What’s more, we’ve engaged with a number of digital care management tools; one is Force Therapeutics, which keeps us in constant contact with patients, which is highly unusual [Geisinger clinicians and care managers are using the digital care management platform from the New York City-based Force Therapeutics]. We’re now in constant communication through a nurse concierge or digital tools, with those patients, and it allows us to address conditions to enhance the patient experience. We can also avert emergency department visits. Hey, my leg is red and hurts a bit, I’m going to the ED. But instead, we can do a virtual visit, and then see that patient in clinic the next week.
And there are different entities within our organization that are involved, and because we work together in an integrated way. In that regard, Force Therapeutics is a highly curated digital health tool that involves both communication, patient education, tools for patient motivation, and physician feedback, to create a big loop around care. They have a series of highly curated videos to demonstrate how patients should be doing physical therapy; and it’s integrated with Epic, and we also capture patient-reported outcomes, so patients can let us know how they’re doing on a number of different scales.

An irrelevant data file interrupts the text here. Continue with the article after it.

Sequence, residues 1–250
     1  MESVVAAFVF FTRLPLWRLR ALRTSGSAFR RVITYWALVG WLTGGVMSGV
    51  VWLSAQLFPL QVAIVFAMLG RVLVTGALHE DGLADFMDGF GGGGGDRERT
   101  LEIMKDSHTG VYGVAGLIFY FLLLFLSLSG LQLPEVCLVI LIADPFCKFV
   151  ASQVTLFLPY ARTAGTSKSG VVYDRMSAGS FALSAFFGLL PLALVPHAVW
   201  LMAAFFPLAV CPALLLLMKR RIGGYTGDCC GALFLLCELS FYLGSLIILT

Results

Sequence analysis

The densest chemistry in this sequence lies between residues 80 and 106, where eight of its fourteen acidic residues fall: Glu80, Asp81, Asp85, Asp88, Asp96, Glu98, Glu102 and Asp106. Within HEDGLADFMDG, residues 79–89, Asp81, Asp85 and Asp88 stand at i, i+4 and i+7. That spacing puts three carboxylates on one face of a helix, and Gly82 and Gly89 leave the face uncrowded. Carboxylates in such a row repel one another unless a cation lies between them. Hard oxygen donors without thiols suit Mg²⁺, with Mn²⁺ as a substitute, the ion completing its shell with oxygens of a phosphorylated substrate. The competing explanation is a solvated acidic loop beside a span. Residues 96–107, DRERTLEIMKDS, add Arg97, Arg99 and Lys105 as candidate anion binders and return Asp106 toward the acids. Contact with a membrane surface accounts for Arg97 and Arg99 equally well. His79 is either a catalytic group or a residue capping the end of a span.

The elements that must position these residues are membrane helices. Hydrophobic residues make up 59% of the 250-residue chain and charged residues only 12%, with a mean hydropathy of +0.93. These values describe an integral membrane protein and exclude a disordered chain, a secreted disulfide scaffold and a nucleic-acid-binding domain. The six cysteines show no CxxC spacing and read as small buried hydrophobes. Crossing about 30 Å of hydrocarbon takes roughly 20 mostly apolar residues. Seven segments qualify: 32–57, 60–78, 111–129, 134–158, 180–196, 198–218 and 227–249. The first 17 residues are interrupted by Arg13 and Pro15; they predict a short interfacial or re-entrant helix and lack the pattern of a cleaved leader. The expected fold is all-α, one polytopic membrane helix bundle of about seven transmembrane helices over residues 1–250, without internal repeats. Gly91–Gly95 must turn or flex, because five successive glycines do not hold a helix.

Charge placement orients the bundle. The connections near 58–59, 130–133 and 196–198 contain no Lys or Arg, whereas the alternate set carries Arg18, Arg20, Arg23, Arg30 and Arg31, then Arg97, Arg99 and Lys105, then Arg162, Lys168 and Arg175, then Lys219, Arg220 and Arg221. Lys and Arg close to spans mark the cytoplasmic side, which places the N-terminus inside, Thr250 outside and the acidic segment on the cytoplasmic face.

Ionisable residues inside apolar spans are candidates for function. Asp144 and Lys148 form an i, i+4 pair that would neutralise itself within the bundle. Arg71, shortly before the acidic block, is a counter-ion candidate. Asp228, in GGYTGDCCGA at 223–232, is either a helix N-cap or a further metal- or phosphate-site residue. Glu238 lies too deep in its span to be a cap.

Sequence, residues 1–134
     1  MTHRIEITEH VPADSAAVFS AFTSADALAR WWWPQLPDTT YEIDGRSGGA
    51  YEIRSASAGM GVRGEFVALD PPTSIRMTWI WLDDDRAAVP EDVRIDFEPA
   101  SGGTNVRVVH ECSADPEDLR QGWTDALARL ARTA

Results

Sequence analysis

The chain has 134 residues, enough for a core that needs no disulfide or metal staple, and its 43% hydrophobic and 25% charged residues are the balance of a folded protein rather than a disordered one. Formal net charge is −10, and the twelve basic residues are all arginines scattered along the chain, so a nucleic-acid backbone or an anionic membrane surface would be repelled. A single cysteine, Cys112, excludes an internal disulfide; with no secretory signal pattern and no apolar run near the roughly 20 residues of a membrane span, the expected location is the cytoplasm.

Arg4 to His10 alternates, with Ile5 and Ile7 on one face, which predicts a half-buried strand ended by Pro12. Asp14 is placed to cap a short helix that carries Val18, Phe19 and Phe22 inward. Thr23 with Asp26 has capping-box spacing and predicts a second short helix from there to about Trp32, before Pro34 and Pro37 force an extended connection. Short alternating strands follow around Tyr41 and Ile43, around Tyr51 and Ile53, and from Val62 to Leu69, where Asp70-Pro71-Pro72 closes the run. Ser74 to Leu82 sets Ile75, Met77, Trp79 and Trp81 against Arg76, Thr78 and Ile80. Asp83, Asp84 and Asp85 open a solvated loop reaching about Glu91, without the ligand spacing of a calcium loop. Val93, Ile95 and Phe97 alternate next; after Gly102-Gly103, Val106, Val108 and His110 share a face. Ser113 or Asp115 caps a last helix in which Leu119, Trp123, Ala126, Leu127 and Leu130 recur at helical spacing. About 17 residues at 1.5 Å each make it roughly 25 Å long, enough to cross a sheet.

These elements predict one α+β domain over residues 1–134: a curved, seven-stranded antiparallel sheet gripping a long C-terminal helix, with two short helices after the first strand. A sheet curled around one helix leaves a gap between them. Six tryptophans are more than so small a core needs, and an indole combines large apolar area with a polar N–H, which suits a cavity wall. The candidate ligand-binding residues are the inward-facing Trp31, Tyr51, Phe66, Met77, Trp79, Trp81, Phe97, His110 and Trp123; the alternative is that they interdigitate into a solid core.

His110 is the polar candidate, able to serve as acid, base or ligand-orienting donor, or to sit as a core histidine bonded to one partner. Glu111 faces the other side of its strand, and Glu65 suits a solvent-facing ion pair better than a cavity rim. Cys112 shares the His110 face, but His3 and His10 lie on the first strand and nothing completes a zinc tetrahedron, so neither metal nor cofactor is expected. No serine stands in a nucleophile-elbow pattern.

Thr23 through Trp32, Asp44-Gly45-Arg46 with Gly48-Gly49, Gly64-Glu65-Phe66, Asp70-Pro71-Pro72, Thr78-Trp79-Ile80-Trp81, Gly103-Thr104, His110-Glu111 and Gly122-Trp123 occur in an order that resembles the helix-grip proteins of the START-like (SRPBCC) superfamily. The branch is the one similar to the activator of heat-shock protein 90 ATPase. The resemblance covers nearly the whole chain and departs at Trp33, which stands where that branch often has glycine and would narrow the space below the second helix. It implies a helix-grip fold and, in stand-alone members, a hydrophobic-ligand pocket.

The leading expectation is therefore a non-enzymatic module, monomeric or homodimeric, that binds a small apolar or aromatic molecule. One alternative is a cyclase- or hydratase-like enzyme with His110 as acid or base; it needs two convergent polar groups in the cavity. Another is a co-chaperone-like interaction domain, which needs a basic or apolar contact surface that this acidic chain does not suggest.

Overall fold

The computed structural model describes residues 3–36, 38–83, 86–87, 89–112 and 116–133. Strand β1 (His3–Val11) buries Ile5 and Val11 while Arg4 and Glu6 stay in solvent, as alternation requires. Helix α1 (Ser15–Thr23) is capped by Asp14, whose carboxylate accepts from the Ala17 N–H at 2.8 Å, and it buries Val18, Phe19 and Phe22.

And more broadly, it represents the larger direction in which we’re going as a musculoskeletal institute, in terms of how to create a better home experience for patients; how to rethink our care delivery so it’s not so hospital-centric.
In other words, you’re thinking of the continuum of care from the highest levels of acuity, all the way across to the home setting, correct?
Yes, that’s right. And our journey around this started long before anyone else was really thinking about this.
Are you interested in creating an explicit hospital-at-home program?
We continue to investigate hospital-at-home programs; it’s a priority. I don’t know whether we’ve launched anything at scale yet, but the concept continues to be an intriguing one. This idea that for all the psychosocial and softer reasons you don’t want to be in the hospital, if we can bring the harder aspects in the home, you’re talking about a different kind of experience for the patient. It can be expensive, and it’s resource-intensive. But we can make it much easier, and perhaps less expensive.
You might be able to avert admissions to SNFs (skilled nursing facilities)?
Our success in reducing acute rehabilitation has been astounding. Using digital post-acute management, dropped acute rehab facility admission by 90 percent. But we still saw patients going to SNFs, because that’s a different population. And I agree that some patients require some level of skilled nursing. But we’re trying to pre-surgically optimize patients better, to avert unnecessary skilled nursing admissions. It’s that longitudinal approach: when a patient doesn’t meet the ideal criteria for an elective procedure, we don’t just say, go lose weight, or stop smoking; we’ll tell you we need you to be within certain parameters for the best outcomes; and now we have an integrated approach to that. Patients who have a higher BMI than we’d like, we have great results with our bariatrics and weight loss department. A good portion of patients end up not needing surgery; if you come in with knee pain and you can lose 60, 70, 80 pounds—many patients no longer experience knee pain and no longer need surgery. We’re closely tied together with our bariatric colleagues, and we share successes across the board.